What in the world is elimination communication? Part 1: let’s wrap our heads around this infant potty training thing
In this session of The Go Diaper Free Podcast, I answer the question "What is Elimination Communication?"
I've included one of the fun radio interviews I gave during the 1st Annual Go Diaper Free Week in 2013 to give you a clear understanding of what EC is, in a tiny amount of time.
In today’s episode, you’ll also hear me explain 10 things that EC is not. Sometimes it's easier to understand what something isn't prior to learning what it is...so we'll start there.
In this episode, you'll learn:
- The many ways you can integrate EC into your busy lifestyle
- The nature of gentle EC as a natural alternative to potty training
- Some of the major misconceptions...and what's really true about infant pottying
- Why EC simply works
- Plus much more...
Right click here to download the MP3
Items mentioned in this session:
- The Tad Show on Star 99.9 in Southern Connecticut
- The Go Diaper Free private members' area (comes with my book) and the Go Diaper Free book by Andrea Olson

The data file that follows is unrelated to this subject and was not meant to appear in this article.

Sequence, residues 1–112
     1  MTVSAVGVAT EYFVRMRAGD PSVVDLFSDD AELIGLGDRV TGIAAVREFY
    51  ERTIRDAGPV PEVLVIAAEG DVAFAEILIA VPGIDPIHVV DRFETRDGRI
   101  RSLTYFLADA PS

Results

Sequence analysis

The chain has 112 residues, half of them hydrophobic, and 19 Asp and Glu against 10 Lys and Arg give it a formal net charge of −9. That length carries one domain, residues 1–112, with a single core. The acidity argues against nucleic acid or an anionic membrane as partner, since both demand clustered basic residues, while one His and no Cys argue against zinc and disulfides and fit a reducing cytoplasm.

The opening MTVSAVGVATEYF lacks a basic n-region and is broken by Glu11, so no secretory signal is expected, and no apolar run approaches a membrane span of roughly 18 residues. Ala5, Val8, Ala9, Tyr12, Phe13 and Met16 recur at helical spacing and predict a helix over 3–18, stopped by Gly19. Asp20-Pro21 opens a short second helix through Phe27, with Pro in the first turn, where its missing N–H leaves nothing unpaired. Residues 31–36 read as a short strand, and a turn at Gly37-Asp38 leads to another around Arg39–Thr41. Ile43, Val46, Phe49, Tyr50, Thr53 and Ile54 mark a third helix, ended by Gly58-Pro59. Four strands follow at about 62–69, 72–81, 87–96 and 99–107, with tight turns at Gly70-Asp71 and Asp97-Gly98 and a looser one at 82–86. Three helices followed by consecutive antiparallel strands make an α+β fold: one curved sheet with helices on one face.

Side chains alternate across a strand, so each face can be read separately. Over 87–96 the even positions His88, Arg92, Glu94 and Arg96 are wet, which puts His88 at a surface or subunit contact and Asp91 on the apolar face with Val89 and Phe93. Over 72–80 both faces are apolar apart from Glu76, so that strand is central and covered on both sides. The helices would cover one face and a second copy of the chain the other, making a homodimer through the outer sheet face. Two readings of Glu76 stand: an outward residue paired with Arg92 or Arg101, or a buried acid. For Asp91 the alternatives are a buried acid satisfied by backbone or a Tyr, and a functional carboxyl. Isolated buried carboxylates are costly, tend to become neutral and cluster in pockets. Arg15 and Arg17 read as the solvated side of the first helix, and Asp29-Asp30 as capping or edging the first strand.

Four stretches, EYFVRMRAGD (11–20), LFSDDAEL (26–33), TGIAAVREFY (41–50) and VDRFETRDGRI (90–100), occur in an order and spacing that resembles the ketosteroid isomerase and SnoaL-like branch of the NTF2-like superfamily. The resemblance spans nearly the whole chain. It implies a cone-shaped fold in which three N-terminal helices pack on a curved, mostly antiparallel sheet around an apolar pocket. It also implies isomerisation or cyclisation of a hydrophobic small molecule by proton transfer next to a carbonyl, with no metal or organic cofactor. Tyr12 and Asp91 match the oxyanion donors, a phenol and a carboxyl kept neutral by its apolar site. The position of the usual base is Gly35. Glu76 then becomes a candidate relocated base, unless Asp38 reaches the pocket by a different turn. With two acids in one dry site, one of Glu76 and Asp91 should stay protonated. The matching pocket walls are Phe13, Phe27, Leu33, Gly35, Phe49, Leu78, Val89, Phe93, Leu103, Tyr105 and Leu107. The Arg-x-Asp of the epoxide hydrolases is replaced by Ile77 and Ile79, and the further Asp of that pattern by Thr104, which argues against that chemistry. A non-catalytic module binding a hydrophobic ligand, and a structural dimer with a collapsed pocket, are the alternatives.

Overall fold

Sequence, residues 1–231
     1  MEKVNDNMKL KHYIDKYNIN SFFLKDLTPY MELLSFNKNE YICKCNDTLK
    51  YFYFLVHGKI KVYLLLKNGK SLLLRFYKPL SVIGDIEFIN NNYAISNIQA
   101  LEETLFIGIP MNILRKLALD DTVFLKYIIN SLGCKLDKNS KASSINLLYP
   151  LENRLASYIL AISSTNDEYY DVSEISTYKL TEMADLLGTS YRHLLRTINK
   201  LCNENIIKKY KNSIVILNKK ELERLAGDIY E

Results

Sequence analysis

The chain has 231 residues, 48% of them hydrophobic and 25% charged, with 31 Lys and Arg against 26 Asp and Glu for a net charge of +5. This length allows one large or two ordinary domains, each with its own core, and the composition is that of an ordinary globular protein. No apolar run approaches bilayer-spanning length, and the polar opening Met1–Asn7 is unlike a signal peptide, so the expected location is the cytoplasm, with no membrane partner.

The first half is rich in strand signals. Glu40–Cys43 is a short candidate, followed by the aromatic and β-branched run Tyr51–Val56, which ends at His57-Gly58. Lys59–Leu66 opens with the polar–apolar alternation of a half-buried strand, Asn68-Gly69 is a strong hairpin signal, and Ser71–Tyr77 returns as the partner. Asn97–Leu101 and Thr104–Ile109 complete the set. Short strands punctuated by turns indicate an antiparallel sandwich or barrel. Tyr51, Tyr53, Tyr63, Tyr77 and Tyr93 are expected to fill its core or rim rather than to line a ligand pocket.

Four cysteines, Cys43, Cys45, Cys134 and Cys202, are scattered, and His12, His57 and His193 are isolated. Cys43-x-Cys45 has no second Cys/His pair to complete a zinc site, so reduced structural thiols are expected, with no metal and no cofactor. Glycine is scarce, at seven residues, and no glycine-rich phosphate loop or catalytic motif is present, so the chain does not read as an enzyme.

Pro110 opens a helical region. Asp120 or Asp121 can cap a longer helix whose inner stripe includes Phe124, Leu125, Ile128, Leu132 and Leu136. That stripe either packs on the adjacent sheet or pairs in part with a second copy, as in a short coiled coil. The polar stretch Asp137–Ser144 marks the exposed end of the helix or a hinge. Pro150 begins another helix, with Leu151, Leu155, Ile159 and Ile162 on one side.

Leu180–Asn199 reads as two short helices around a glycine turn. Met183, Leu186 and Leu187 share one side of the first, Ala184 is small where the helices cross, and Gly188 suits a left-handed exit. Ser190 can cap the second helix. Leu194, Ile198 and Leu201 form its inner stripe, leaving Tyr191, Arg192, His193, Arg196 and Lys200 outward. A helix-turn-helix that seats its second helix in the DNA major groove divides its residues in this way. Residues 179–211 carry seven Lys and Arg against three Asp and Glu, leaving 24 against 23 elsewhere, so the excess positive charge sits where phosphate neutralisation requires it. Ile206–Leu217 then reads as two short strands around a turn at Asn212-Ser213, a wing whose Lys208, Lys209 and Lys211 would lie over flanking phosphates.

Download the transcript
If you can't listen to this episode right now (um, sleeping baby!?)...download and read the transcript here:
Welcome to the Go Diaper Free Podcast, where we're all about teaching you how to stop changing diapers, starting at birth. And now your host...She’s pregnant with her second baby...Andrea Olson.
Welcome back to the Go Diaper Free Podcast! I’m Andrea, and I am going to dive right into Part 1 of What is EC.
I recently did an interview for the 1st Annual Go Diaper Free Week that I spearheaded to spread news of EC across the world. Radio hosts force you to squeeze volumes of information into 3-5 minute spots. And I had to wake up at 6am to do the show. Luckily, what came of it is a very concise and brief overview of “diaper-free” and EC for folks tuned into a pop music morning show! Here goes:
The Tad Show Podcast Star 99.9
Tad: So we were talking about this craziness of [Go] Diaper Free Week yesterday and we asked for anybody that was doing it to call and nobody did. Shocking.
Anna: I wonder why.
Tad: I know. This is kind of a... it’s not really a new trend. It’s actually been happening for maybe hundreds of years in other countries but this is the first year I’ve heard about it...thanks to the Huffington Post. Diaper-free meaning that when your child is born you basically look at it and it will tell you when it needs to go and then you bring to it a proper - hopefully proper - receptacle for the child to do their business and this is... we’re talking about infants.